Petitioner, as respondent in HRET Case No. 07-034, presented as his witnesses residents of Villa de Toledo who testified that they had seen respondent and his family residing in their locality, as well as Bienvenido G. Asuncion who testified that petitioner is the lessee in Unit No. 13 Block 1 Lot I, Maharlika St., Villa de Toledo Subdivision, Brgy. Balibago, Sta. Rosa City, Laguna. Petitioner likewise presented Mr. Joseph Wade, President of South Point Homeowner's Association of Cabuyao, Laguna, as well as Engr. Larry E. Castro (Castro), who testified that since February 2006 up to the present, petitioner had no longer been residing in his property located at Block 28, Lot 18, South Point Subdivision, Cabuyao, Laguna, and that said property was being offered for sale and temporarily being used by Castro, together with some security men of petitioner and employees of Rafters Music Lounge owned by petitioner.11 Petitioner testified that he had been a resident of Sta. Rosa even before February 2006; that he owned property in another Sta. Rosa subdivision (Bel-Air); that he and his wife had put up a business therein, the "RAFTERS" restaurant/ bar; and that he had prior residence in another place also at Sta. Rosa as early as 2001.12
Since the HRET ruled in favor of private respondent, this petition was filed before us.
In petitioner's assignment of errors, he alleges that the HRET grievously erred and committed grave abuse of discretion:
1. In not placing on the quo warranto petitioner Jesus L. Vicente the burden of proving that then respondent (now petitioner) Fernandez is not a qualified candidate for Representative of the First District of the Province of Laguna;
2. When it disregarded the ruling of a co-equal tribunal in SPA No. 07-046;
3. When it added a property qualification to a Member of Congress;
4. When it determined that the petitioner failed to comply with the one (1) year residency requirement based on the contract of lease;
5. When it completely disregarded the testimonies of material witnesses;
6. When it failed to consider the intent of the petitioner to transfer domicile based on the totality of the evidence adduced; andcralawlibrary
7. When it failed to find the petitioner in HRET Case No. 07-034 guilty of forum-shopping.13
On the first assignment of error, petitioner questions the following pronouncement of the HRET in its decision:
In the case before us, petitioner has clearly asserted, and respondent does not deny, that his domicile of origin is Pagsanjan in the Fourth District of Laguna. Hence, the burden is now on respondent to prove that he has abandoned his domicile of origin, or since his birth, where he formerly ran for provincial Board Member of Laguna in 1998, for Vice-Governor of Laguna in 2001 and for Governor of Laguna in 2004. In all his Certificates of Candidacy when he ran for these positions, he indicated under oath that his domicile or permanent residence was in Pagsanjan in the Fourth District of Laguna, not in the First District where he later ran in the last elections.14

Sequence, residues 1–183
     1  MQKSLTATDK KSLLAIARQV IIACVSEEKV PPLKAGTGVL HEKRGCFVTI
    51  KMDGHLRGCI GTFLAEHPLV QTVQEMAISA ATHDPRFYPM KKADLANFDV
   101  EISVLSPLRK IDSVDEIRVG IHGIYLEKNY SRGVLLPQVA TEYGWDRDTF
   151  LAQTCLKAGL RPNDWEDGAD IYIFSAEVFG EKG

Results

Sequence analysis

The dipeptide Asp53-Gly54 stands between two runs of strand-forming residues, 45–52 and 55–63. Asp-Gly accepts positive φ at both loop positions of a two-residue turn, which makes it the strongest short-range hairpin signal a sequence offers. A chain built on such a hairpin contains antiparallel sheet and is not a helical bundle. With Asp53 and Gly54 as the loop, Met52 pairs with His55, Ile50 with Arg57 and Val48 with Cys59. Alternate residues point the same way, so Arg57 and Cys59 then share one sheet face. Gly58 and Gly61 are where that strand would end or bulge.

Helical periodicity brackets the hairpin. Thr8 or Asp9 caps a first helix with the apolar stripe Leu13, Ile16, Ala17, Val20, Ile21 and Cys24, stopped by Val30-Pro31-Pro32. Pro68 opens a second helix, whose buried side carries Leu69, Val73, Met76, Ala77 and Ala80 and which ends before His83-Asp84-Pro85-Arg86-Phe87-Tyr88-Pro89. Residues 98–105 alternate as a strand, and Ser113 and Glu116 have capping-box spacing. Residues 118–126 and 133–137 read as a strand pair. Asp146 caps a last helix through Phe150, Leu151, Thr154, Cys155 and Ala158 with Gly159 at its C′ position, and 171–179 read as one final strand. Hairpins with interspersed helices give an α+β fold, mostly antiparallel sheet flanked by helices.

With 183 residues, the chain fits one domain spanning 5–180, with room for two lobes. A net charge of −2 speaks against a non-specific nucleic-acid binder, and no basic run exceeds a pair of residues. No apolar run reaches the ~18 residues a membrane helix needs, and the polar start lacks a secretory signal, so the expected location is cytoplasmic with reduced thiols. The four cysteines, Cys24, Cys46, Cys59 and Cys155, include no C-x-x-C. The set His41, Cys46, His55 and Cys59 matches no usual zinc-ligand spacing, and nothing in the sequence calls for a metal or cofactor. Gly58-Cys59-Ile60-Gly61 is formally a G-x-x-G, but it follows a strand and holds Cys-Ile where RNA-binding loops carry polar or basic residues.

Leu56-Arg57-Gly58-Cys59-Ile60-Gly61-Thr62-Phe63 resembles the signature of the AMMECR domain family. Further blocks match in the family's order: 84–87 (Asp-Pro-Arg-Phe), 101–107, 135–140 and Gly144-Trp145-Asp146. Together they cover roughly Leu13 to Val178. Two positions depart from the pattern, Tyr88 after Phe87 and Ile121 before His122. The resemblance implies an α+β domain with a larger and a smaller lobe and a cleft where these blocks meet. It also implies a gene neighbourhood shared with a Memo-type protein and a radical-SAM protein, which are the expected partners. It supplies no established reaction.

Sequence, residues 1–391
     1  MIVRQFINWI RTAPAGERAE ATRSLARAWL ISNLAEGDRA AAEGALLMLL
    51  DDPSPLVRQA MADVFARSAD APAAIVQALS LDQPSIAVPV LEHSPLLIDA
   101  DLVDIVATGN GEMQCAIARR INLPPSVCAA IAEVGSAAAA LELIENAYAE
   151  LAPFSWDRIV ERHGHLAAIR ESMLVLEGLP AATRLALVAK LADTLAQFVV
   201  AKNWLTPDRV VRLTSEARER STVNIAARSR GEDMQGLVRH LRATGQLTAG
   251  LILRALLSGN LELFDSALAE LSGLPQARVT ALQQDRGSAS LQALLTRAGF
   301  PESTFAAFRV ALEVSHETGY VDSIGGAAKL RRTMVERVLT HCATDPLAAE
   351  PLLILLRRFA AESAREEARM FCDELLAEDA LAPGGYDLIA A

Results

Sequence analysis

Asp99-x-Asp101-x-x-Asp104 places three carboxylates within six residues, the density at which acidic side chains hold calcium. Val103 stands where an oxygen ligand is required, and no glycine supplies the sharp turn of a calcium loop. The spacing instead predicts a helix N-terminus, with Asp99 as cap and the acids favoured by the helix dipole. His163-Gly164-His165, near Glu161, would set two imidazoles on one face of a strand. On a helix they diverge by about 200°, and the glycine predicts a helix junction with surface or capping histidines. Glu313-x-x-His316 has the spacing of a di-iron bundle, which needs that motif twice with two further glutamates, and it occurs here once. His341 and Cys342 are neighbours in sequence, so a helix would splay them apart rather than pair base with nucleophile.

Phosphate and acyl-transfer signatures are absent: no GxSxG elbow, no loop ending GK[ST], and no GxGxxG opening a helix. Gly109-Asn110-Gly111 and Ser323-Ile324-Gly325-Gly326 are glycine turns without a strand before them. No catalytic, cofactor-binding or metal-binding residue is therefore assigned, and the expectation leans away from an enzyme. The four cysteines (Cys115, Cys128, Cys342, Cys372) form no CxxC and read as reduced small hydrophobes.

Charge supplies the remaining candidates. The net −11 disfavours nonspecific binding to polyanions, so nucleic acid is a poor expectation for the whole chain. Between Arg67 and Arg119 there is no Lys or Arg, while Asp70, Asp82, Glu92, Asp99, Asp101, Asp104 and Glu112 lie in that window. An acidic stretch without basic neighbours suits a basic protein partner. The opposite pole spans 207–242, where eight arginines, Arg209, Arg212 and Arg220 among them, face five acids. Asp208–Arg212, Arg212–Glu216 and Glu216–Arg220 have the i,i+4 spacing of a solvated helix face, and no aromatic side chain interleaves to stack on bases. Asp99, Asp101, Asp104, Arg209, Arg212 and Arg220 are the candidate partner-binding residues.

Petitioner contends that "it is a basic evidentiary rule that the burden of proof is on he who alleges, and he who relies on such an allegation as his cause of action should prove the same."15 Since private respondent is the party alleging that petitioner is not eligible for his position, it is therefore incumbent on the former, who filed the quo warranto case before the HRET, to prove such allegation. He cites in support of his contention Sec. 1, Rule 131 of the Rules of Court, to wit:
SECTION 1. Burden of proof . - Burden of proof is the duty of a party to present evidence on the facts in issue necessary to establish his claim or defense by the amount of evidence required by law.
Petitioner avers that private respondent failed to establish his claim and to adduce evidence sufficient to overcome petitioner's eligibility to be a candidate for Representative of the First District of Laguna.
On the second assignment of error, petitioner submits that the HRET should have been "guided and/or cautioned" by the COMELEC's dispositions in SPA No. 07-046, wherein he was adjudged as qualified to run for the position of Congressman of the First District of Laguna by an agency tasked by law and the Constitution to ascertain the qualifications of candidates before election. Petitioner claims that the HRET should have respected the findings of the COMELEC and should have discreetly denied the petition.
On the third assignment of error, petitioner argues that under Article V, Section 1, of the 1987 Constitution, any citizen of the Philippines who is a qualified voter may likewise, if so qualified under the appertaining law and the constitution, be able to run and be voted for as a candidate for public office. Said provision reads:
SECTION 1. Suffrage may be exercised by all citizens of the Philippines not otherwise disqualified by law, who are at least eighteen years of age, and who shall have resided in the Philippines for at least one year and in the place wherein they propose to vote for at least six months immediately preceding the election. No literacy, property, or other substantive requirement shall be imposed on the exercise of suffrage.???ñr?bl?š ??r